Fire suppression has led to two separate, but equally serious problems, he explains. While the build-up of fuels can cause some areas to be completely destroyed when wildfire strikes, the total lack of fire in other areas is choking forests that have adapted over thousands of years to burning. The smaller, cooler fires of the past helped some species directly–giant sequoia, for example. When its cones are scorched, they release huge quantities of seed that can germinate only on the bare mineral soil that is left behind after a fire. Other species, like California black oak and Ponderosa pine, need the sunny openings in the canopy created when frequent, low-intensity fires clear away small seedlings and leave a forest populated mostly by mature, well-spaced trees. Modern forests have grown so dense that only shade-tolerant species can survive in them; forests that once sustained five different species of tree are now down to just two. “That has huge ramifications for food webs and the dynamics of insects and disease, and enormous impacts on ecosystems,” warns Stephens.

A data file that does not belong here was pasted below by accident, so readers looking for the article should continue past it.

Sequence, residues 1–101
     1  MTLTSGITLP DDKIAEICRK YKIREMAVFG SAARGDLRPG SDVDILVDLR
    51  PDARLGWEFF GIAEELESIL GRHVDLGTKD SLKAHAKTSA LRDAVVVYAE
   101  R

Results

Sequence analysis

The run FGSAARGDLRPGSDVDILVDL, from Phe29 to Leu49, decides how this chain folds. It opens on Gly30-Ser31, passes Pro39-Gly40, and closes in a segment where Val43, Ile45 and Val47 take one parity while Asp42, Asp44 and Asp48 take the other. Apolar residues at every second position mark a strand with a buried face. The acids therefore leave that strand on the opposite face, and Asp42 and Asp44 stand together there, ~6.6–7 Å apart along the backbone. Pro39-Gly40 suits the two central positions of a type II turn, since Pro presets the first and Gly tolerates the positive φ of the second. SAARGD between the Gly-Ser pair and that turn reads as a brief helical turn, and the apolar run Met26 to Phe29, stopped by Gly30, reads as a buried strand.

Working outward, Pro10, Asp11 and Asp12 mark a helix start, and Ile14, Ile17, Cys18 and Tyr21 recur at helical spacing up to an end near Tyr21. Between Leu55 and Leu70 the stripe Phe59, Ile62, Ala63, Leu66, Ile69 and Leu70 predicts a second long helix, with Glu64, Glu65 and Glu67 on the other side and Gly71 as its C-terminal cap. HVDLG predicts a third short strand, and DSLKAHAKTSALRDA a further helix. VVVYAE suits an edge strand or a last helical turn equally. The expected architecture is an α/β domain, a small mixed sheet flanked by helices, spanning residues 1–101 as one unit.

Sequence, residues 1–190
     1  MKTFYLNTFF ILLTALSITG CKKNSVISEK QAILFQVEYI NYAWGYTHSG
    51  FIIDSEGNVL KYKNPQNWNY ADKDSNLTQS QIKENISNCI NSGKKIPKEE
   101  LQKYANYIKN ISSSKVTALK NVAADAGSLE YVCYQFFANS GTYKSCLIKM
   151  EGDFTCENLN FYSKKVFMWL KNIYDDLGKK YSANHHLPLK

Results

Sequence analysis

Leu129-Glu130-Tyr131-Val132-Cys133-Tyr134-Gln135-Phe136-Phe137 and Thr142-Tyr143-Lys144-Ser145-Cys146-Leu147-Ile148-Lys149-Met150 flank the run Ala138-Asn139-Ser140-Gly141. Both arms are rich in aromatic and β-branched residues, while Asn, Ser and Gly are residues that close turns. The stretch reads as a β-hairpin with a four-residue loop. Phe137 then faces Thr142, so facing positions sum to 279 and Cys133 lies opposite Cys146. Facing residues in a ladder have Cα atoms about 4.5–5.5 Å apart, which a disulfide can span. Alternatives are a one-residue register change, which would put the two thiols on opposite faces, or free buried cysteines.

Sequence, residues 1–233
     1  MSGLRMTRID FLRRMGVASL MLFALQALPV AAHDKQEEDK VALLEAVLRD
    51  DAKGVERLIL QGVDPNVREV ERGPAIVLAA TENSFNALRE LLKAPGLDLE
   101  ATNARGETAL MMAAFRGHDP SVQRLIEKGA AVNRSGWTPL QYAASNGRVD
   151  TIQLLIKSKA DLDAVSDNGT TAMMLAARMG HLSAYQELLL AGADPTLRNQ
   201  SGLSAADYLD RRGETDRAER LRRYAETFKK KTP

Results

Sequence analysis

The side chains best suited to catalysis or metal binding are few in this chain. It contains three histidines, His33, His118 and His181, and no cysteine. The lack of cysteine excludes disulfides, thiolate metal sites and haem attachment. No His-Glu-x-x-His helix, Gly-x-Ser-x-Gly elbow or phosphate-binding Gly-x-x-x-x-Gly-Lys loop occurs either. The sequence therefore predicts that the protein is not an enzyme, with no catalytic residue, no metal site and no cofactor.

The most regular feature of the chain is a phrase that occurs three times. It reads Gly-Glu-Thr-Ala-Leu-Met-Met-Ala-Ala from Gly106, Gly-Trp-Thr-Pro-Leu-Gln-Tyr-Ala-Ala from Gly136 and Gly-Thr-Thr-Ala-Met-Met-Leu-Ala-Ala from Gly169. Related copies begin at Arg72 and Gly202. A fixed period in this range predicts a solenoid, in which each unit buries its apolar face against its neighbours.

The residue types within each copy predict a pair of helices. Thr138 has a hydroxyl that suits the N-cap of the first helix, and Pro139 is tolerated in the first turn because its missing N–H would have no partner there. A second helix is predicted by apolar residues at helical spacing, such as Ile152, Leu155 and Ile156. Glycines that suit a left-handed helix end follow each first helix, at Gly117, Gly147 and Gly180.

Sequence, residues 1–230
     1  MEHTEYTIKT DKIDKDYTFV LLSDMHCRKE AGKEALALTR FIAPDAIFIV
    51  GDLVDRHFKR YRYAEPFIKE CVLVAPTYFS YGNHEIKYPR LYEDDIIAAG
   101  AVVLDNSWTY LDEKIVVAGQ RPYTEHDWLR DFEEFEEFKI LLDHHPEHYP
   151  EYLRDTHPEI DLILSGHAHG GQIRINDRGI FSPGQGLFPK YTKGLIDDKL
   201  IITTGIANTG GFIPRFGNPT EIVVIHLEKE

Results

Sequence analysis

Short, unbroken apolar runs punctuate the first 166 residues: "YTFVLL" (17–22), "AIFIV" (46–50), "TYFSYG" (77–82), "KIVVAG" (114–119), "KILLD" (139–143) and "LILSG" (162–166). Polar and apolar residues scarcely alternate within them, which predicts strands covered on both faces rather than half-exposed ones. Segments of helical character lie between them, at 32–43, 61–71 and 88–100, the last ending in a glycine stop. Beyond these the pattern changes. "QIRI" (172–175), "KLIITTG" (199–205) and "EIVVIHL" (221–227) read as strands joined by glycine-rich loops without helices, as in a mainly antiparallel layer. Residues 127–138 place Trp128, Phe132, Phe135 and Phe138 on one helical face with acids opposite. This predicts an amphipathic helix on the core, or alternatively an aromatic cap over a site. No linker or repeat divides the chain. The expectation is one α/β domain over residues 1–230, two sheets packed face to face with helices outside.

This summer, Stephens has been investigating a particularly shocking example of the detrimental effects of decades of fire suppression on a forest ecosystem. The San Bernardino mountains in southern California and the Sierra San Pedro Martir mountains in northern Mexico both sustain mixed conifer forests. One hundred years ago, it would have been hard to tell the forests apart, but today the differences are conspicuous. On the Mexican side, where small surface fires occur regularly, there are around 60 trees per acre. On the Californian side, a century of putting out fires has created a density of around 300. Following four years of drought and dry conditions, the trees on the Californian side have fallen prey to infestations of bark beetle. “There are millions of dead trees down there,” says Stephens. “The San Bernardino National Forests are experiencing catastrophic mortality, which is something that we haven’t seen in a hundred years. It’s the highest amount of mortality I’ve seen in my life. It’s absolutely stunning.”